Statistical properties and decoherence of two-mode photon-subtracted squeezed vacuumWork supported by the the National Natural Science Foundation of China under Grant Nos.10775097 and 10874174.

Statistical properties and decoherence of two-mode photon-subtracted squeezed vacuumthanks: Work supported by the the National Natural Science Foundation of China under Grant Nos.10775097 and 10874174.

Li-yun Hu, Xue-xiang Xu and Hong-yi Fan Corresponding author. Email: hlyun@sjtu.edu.cn; hlyun2008@126.com. College of Physics and Communication Electronics, Jiangxi Normal University, Nanchang 330022, China Department of Physics, Shanghai Jiao Tong University, Shanghai, 200240, China
Abstract

We investigate the statistical properties of the photon-subtractions from the two-mode squeezed vacuum state and its decoherence in a thermal environment. It is found that the state can be considered as a squeezed two-variable Hermite polynomial excitation vacuum and the normalization of this state is the Jacobi polynomial of the squeezing parameter. The compact expression for Wigner function (WF) is also derived analytically by using the Weyl ordered operators’ invariance under similar transformations. Especially, the nonclassicality is discussed in terms of the negativity of WF. The effect of decoherence on this state is then discussed by deriving the analytical time evolution results of WF. It is shown that the WF is always positive for any squeezing parameter and photon-subtraction number if the decay time exceeds an upper bound (

Key Words: photon-subtraction; nonclassicality; Wigner function; negativity; two-mode squeezed vacuum state

PACS numbers: 03.65.Yz, 42.50.Dv

I Introduction

Entanglement is an important resource for quantum information 1 (). In a quantum optics laboratory, Gaussian states, being characteristic of Gaussian Wigner functions, have been generated but there is some limitation in using them for various tasks of quantum information procession 2 (). For example, in the first demonstration of continuous variables quantum teleportation (two-mode squeezed vacuum state as a quantum channel), the squeezing is low, thus the entanglement of the quantum channel is such low that the average fidelity of quantum teleportation is just more than the classical limits. In order to increase the quantum entanglement there have been suggestions and realizations to engineering the quantum state by subtracting or adding photons from/to a Gaussian field which are plausible ways to conditionally manipulate nonclassical state of optical field 2a (); 2b (); 2c (); 2d (); 2e (); 2f (); 2g (). In fact, such methods allowed the preparation and analysis of several states with negative Wigner functions, including one- and two-photon Fock states 3 (); 4 (); 5 (); 6 (), delocalized single photons 7 (); 8 (), and photon-subtracted squeezed vacuum states (PSSV), very similar to quantum superpositions of coherent states with small amplitudes (a Schrödinger kitten state 9 (); 10 (); 11 (); 12 ()) for single-mode case.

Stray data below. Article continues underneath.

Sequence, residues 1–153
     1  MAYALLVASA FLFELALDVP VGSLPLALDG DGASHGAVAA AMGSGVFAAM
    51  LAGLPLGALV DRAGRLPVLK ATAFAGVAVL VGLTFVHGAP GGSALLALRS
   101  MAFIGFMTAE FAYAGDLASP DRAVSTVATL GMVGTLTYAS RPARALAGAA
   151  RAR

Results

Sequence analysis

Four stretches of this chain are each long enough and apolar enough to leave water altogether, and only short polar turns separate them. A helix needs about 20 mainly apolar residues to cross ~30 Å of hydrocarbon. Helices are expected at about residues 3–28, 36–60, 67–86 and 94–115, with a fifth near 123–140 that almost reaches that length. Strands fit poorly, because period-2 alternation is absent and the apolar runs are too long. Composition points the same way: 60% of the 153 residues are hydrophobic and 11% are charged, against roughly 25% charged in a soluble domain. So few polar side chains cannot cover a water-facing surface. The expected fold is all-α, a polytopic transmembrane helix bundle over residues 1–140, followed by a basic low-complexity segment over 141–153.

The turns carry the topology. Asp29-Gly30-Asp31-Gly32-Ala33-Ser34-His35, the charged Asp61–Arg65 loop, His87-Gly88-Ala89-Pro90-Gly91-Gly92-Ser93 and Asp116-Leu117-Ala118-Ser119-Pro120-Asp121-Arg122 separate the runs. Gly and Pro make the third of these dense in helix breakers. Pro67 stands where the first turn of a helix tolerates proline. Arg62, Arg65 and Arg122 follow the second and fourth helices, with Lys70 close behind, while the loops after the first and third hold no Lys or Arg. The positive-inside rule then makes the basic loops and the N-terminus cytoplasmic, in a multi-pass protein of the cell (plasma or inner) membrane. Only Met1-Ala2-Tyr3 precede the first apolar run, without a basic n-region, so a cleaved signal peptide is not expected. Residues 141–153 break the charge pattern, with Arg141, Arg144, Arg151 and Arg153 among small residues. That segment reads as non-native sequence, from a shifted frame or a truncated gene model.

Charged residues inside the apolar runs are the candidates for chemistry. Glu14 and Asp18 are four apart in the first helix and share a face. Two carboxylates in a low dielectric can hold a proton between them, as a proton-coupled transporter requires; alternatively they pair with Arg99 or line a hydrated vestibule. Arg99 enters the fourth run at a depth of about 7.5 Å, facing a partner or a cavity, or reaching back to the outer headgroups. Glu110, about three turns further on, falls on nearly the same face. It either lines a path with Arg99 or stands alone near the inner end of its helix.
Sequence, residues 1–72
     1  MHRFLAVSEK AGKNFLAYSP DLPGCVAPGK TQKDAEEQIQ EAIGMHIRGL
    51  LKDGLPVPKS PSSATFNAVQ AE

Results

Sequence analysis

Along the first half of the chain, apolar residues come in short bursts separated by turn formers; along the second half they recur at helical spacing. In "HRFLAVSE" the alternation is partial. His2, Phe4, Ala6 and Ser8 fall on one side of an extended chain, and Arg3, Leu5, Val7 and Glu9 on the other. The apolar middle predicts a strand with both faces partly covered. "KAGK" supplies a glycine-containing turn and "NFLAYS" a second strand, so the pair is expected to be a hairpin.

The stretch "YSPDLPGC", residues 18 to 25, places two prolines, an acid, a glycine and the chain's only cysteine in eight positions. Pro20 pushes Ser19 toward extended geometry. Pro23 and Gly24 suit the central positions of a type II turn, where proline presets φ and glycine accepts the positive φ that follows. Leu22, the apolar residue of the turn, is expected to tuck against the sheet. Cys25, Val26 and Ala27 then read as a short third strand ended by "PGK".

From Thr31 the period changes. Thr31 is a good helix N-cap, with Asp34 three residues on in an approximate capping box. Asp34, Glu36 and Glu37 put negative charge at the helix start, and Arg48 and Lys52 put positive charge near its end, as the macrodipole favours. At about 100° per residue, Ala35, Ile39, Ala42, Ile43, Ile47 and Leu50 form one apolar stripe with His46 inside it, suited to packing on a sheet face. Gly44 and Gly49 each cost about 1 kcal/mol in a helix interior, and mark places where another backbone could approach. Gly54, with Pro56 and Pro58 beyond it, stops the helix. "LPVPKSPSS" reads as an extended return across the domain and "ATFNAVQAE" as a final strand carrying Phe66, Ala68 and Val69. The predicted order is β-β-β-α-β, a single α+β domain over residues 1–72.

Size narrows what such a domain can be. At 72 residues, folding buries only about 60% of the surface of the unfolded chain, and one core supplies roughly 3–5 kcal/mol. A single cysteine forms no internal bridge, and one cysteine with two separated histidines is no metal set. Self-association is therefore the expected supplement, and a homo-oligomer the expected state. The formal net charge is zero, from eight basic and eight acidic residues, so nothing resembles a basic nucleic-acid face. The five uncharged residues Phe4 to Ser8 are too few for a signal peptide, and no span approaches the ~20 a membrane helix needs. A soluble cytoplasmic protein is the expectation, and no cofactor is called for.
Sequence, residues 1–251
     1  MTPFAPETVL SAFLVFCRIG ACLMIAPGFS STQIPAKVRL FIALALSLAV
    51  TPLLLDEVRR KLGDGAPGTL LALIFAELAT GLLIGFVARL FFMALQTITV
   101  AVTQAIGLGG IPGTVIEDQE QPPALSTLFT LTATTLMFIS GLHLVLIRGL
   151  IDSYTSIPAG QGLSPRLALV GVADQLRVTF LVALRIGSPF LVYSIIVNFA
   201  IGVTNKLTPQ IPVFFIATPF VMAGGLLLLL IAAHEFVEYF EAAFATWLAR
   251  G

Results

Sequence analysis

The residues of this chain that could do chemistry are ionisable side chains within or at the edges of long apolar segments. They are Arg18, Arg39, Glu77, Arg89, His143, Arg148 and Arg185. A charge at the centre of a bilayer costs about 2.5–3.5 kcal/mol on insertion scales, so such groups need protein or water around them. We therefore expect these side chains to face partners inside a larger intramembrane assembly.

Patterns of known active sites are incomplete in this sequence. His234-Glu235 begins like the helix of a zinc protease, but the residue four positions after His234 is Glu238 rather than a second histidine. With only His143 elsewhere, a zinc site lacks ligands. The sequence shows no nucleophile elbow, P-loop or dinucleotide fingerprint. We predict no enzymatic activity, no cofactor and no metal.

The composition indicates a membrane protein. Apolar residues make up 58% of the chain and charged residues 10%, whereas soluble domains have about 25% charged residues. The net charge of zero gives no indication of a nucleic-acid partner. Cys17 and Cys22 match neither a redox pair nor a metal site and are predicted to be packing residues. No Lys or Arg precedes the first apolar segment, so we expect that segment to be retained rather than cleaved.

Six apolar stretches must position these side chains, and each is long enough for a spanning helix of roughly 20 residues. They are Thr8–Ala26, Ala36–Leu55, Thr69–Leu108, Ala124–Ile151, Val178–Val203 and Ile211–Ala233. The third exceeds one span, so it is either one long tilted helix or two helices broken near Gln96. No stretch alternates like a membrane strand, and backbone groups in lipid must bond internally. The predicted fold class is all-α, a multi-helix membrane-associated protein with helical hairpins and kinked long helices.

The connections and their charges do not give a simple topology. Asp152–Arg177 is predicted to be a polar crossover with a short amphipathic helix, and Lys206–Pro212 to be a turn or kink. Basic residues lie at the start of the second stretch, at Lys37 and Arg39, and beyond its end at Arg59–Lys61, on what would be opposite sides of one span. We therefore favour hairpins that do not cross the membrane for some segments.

Recently, the two-mode PSSVs (TPSSVs) have been paid enough attention by both experimentalists and theoreticians 3 (); 4 (); 13 (); 14 (); 15 (); 16 (); 17 (); 18 (); 19 (); 20 (); 21 (); 22 (). Olivares et al 13 (); 14 () considered the photon subtraction using on–off photodetectors and showed the improvement of quantum teleportation depending on various parameters involved. Then they further studied the nonlocality of photon subtraction state in the presence of noise 15 (). Kitagawa et al 16 (), on the other hand, investigated the degree of entanglement for the TPSSV by using an on-off photondetector. Using operation with single photon counts, Ourjoumtsev et al .3 (); 4 () have demonstrated experimentally that the entanglement between Gaussian entangled states, can be increased by subtracting only one photon from two-mode squeezed vacuum states. The resulted state is a complex quantum state with a negative two-mode Wigner function. However, so far as we know, there is no report about the nonclassicality and decoherence of TPSSV for arbitrary number PSSV in literature before.